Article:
Did you know that more than 37 million people in the United States alone suffer from chronic kidney disease? Renal failure is a serious condition that tends to get worse with time and without treatment. There are actually several renal failure stages that one would need to go through before experiencing complete renal failure.

What are the different stages of renal failure, you might ask? Keep reading and learn more about them here and how they affect kidney function.

Stages 1 and 2 of Chronic Kidney Disease

Kidney Disease

The first CKD stage is also the mildest stage. At this point, your kidneys will still work quite well, almost as well as normal, in fact. Keep in mind that the way to measure the quality of your kidney function is with eGFR, also known as the estimated glomerular filtration rate.

Normally, it is around 90, if not more, in a person with healthy kidneys. This means that your kidneys are filtering and excreting substances properly without any problems. During the first stage of kidney disease, while your eGFR might be relatively normal and while your kidneys might still work fine, your kidneys will start to sustain mild damage.

You will not have any symptoms of chronic kidney disease by this point. However, the contents of your urine may be a bit unusual. For example, you may have high levels of protein in your urine. Other than that, stage 1 of chronic kidney disease is otherwise unremarkable.

The Details

Stage 2, on the other hand, is when things start to get a bit worse. At this point, your eGFT will start to drop, but only slightly. Usually, it will range between 60 and 89. Even so, your kidneys will still work quite well and you shouldn’t have any major problems with them.

You still should not have any symptoms of the disease. Your urine will still have protein in it at this point. There are some cases where people start to experience symptoms of the disease by stage 2, but this is not very common.

If it does happen, the symptoms are usually not very severe yet. From stage 2, your kidney function will slowly become worse. If you suspect that you are suffering from kidney disease, it is in your best interest to seek out treatment as soon as possible.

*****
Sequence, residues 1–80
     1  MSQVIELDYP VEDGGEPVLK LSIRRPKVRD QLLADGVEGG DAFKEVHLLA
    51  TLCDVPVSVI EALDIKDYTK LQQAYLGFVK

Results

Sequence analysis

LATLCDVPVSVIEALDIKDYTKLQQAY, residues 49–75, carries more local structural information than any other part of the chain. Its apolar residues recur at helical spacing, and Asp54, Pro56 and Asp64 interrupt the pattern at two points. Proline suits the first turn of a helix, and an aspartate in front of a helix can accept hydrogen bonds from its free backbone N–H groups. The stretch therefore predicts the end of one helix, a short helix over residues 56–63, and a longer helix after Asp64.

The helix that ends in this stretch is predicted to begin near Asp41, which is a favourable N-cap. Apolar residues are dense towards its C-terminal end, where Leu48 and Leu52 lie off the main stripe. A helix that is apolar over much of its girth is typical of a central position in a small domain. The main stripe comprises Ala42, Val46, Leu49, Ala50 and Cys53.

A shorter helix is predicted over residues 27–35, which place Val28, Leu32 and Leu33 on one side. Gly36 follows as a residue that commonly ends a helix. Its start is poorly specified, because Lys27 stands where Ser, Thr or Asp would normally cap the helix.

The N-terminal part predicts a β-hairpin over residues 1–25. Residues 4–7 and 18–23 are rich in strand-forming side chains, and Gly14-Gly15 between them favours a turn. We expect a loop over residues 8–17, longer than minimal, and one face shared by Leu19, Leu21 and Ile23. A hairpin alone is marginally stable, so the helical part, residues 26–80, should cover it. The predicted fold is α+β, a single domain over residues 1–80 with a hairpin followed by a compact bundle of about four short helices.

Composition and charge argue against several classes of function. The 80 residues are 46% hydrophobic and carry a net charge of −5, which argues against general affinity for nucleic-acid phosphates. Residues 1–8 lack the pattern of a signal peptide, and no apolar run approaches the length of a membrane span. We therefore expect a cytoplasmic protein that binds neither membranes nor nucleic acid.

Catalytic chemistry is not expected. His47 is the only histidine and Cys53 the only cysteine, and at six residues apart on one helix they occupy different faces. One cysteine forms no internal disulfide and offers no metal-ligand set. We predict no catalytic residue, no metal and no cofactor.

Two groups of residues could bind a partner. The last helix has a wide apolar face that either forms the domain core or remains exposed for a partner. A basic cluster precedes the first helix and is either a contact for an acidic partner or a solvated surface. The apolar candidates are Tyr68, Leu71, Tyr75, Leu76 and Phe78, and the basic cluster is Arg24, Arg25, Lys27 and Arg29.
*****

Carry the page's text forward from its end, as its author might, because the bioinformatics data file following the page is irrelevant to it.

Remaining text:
That way, you can try to delay the progression of this disease.

Renal Failure

Stage 3a and Stage 3b

Stage 3 is actually divided up into two stages according to the decreasing function of the kidneys. Stage 3a still involves mild kidney disease, but it is at this point that your kidney function will start to take a turn for the worse. In particular, your eGFT will continue to drop until it reaches a range of 45 to 59.

At this point, your kidney function will be noticeably less efficient than usual. The kidneys will no longer be very good at filtering out excess waste from the body and some of it will start to be found in the urine. The majority of this waste will build up in your body where it can start to create all sorts of health problems.

For example, high blood pressure is a common side effect that develops at this stage of kidney disease. Also, at stage 3a, you will start to experience some of the more common symptoms of kidney disease such as fatigue and swelling in your extremities. Stage 3b is when your eGFT starts to get even worse and drops to 30 to 44.

The Disease Worsens

At this point, your kidneys will suffer from moderate damage and they will be increasingly less efficient at filtering waste from your blood. As a result, that waste will build up in your blood and may cause more serious health problems such as bone disease. It is essential to get treatment at this stage from The Kidney Institute Houston Texas before it gets any worse.

If you get treatment at stage 3, it will be unlikely that your kidney disease will progress to stage 4 or 5. As long as you catch the disease at stage 3, you can still lead a relatively healthy and fulfilling life. Once the disease progresses, however, it will be more difficult to do that.

Different Renal Failure

Stages 4 and 5

At stage 4, your eGFT will decline to 15 to 29. At this point, your kidneys will have sustained severe damage. Their function will be almost non-existent. At this point, the buildup of waste in your blood will continue to cause other health problems such as heart disease.

You will also notice more physical symptoms such as fatigue and swelling throughout your body. You may also experience pain throughout your body but especially in your lower back, as that is near the location of your kidneys. Keep in mind that this is the final stage of chronic kidney disease before reaching renal failure.

At this point, it is important to talk with a physician about how to plan for renal failure and the treatment options that are available. Stage 5 is renal failure and your kidneys will not work at all. The buildup of waste in the body due to the failed kidneys can make you very ill and it may even result in death.

At this point, dialysis is required, if not a kidney transplant.

What You Need To Know About the Renal Failure Stages

The renal failure stages start mildly and then eventually lead to complete kidney failure. During the first stages, you might not even know that you have kidney problems and your kidneys will still work well. But as the stages progress, your kidney function will continue to get worse until they don’t work at all.

Fortunately, treatment can help prevent this from happening. To learn more, check out the other blogs on our website.

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